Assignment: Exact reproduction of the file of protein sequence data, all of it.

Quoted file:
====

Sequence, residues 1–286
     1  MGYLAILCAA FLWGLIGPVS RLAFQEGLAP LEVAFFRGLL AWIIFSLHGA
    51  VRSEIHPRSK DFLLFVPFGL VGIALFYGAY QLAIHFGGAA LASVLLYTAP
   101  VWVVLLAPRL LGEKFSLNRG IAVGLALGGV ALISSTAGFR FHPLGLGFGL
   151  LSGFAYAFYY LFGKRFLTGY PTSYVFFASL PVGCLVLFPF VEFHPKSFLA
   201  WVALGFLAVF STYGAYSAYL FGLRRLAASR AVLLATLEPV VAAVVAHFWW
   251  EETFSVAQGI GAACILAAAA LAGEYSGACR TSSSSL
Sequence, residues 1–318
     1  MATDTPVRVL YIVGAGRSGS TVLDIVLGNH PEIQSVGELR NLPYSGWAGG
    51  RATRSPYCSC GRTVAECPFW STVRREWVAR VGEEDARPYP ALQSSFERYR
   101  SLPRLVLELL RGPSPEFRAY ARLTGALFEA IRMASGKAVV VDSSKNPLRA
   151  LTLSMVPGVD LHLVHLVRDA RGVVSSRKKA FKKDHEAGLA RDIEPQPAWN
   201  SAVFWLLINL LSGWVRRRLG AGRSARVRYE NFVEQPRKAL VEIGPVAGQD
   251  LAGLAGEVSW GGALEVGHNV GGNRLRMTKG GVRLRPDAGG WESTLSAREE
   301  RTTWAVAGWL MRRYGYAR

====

Sequence, residues 1–286
     1  MGYLAILCAA FLWGLIGPVS RLAFQEGLAP LEVAFFRGLL AWIIFSLHGA
    51  VRSEIHPRSK DFLLFVPFGL VGIALFYGAY QLAIHFGGAA LASVLLYTAP
   101  VWVVLLAPRL LGEKFSLNRG IAVGLALGGV ALISSTAGFR FHPLGLGFGL
   151  LSGFAYAFYY LFGKRFLTGY PTSYVFFASL PVGCLVLFPF VEFHPKSFLA
   201  WVALGFLAVF STYGAYSAYL FGLRRLAASR AVLLATLEPV VAAVVAHFWW
   251  EETFSVAQGI GAACILAAAA LAGEYSGACR TSSSSL
Sequence, residues 1–318
     1  MATDTPVRVL YIVGAGRSGS TVLDIVLGNH PEIQSVGELR NLPYSGWAGG
    51  RATRSPYCSC GRTVAECPFW STVRREWVAR VGEEDARPYP ALQSSFERYR
   101  SLPRLVLELL RGPSPEFRAY ARLTGALFEA IRMASGKAVV VDSSKNPLRA
   151  LTLSMVPGVD LHLVHLVRDA RGVVSSRKKA FKKDHEAGLA RDIEPQPAWN
   201  SAVFWLLINL LSGWVRRRLG AGRSARVRYE NFVEQPRKAL VEIGPVAGQD
   251  LAGLAGEVSW GGALEVGHNV GGNRLRMTKG GVRLRPDAGG WESTLSAREE
   301  RTTWAVAGWL MRRYGYAR